Working Class

If you put in the toil, you should get credit for whatever you achieve.

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My father came home from work every day with grease under his fingernails. His place of business was a southside auto-parts yard the family referred to as “the store.” The first thing he did upon coming home in the evening was scrub his hands with Lava soap, and even then, you could see the faint but indelible trace of black.

I was the youngest kid of four and, as such, am not sure exactly what he did at the store all day, but I am told he spent those 10 hours trudging through the lot, helping to disassemble junk cars for their trunk lids, transmissions, tires, wheels, window glass—anything that might be of use. When the cars were fully stripped down, he sold them for scrap. A railroad trestle sat on the lot, and train cars unloaded coal into Dad’s trucks, which delivered it to homes and businesses for heat. It wasn’t an easy job.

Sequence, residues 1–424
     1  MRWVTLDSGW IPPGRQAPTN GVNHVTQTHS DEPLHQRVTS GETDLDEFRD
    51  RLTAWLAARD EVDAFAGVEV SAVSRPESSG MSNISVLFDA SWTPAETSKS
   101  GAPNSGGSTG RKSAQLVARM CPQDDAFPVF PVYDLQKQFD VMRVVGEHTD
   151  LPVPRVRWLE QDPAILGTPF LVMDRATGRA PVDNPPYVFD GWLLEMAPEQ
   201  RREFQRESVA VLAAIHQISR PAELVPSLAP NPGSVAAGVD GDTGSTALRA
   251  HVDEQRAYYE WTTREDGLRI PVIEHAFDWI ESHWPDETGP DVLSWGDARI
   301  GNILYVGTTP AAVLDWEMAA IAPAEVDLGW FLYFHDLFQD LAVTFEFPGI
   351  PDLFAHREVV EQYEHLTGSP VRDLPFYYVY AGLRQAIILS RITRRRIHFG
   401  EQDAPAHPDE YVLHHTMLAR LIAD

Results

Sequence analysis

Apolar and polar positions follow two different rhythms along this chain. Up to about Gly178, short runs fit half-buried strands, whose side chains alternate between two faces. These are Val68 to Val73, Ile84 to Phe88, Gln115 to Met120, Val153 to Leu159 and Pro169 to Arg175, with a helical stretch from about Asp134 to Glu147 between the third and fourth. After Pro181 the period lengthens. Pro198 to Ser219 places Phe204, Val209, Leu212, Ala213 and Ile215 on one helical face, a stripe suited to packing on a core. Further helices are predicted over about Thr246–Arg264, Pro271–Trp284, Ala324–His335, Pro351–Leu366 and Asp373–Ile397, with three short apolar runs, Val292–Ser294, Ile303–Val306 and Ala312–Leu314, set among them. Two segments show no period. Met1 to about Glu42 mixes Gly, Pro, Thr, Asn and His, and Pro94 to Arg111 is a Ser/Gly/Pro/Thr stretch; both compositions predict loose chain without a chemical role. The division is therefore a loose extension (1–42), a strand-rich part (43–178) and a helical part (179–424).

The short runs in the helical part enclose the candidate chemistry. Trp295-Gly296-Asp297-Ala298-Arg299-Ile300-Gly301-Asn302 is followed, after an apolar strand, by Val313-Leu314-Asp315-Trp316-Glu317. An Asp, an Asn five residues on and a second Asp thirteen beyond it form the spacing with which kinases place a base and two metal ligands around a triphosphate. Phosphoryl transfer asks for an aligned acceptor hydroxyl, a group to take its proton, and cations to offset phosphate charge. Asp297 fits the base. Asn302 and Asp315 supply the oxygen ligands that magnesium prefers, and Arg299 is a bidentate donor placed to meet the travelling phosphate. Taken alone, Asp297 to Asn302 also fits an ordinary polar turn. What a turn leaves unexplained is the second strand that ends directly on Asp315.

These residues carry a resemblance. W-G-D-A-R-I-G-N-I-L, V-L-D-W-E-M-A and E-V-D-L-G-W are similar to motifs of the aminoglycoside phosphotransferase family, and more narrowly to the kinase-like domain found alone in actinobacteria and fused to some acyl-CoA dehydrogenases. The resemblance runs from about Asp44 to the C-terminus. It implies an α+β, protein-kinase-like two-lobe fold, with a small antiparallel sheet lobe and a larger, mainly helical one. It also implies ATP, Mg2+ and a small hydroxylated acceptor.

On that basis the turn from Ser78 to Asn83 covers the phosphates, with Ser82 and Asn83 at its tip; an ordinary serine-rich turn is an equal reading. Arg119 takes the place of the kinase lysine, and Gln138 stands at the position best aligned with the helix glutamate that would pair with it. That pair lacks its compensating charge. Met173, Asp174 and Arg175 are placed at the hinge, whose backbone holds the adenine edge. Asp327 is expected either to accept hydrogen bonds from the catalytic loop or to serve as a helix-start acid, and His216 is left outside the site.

Occasionally, I got to accompany him, and I remember a multitude of steering wheels in the office, as well as those swiveling glass knobs used to operate them one-handed, and dozens and dozens of notes tacked on the walls like so much confetti. There was a time clock, which I loved to punch—ding!—and junkyard dogs that scared me half to death. It was more fun to sit on a stack of tires than on the cockeyed desk chair, and I found it thrilling to answer the rotary phone with “Dorman Brothers” rather than “hello.”

Dad also taught himself the real-estate trade, including complicated deeds and abstracts, and then bought broken-down commercial properties, fixed them up, and sold them. He was smart—so smart that he skipped several grades in elementary school; a cherished class photo shows him standing on a chair to make him appear as tall as his older classmates. Had family responsibilities not precluded higher education, he might have been anything: a senator, a scientist—heck, a Supreme Court justice. Instead, he made his way with physical labor, long hours, and mouths-to-feed determination.